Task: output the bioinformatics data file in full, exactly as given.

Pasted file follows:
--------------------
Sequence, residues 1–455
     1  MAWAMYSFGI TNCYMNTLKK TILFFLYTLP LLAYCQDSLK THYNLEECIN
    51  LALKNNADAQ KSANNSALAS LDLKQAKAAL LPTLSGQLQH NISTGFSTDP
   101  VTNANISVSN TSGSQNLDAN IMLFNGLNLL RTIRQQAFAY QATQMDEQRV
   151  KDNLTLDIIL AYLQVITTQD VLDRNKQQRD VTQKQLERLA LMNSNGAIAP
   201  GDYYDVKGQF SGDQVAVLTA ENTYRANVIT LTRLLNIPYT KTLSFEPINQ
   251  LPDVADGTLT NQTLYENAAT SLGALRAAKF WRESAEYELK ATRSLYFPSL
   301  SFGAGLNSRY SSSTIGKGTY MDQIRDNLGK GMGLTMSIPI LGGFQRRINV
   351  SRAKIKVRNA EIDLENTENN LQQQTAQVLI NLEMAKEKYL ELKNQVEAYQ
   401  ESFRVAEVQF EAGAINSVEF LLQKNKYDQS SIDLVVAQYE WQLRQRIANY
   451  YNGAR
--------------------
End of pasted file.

Sequence, residues 1–455
     1  MAWAMYSFGI TNCYMNTLKK TILFFLYTLP LLAYCQDSLK THYNLEECIN
    51  LALKNNADAQ KSANNSALAS LDLKQAKAAL LPTLSGQLQH NISTGFSTDP
   101  VTNANISVSN TSGSQNLDAN IMLFNGLNLL RTIRQQAFAY QATQMDEQRV
   151  KDNLTLDIIL AYLQVITTQD VLDRNKQQRD VTQKQLERLA LMNSNGAIAP
   201  GDYYDVKGQF SGDQVAVLTA ENTYRANVIT LTRLLNIPYT KTLSFEPINQ
   251  LPDVADGTLT NQTLYENAAT SLGALRAAKF WRESAEYELK ATRSLYFPSL
   301  SFGAGLNSRY SSSTIGKGTY MDQIRDNLGK GMGLTMSIPI LGGFQRRINV
   351  SRAKIKVRNA EIDLENTENN LQQQTAQVLI NLEMAKEKYL ELKNQVEAYQ
   401  ESFRVAEVQF EAGAINSVEF LLQKNKYDQS SIDLVVAQYE WQLRQRIANY
   451  YNGAR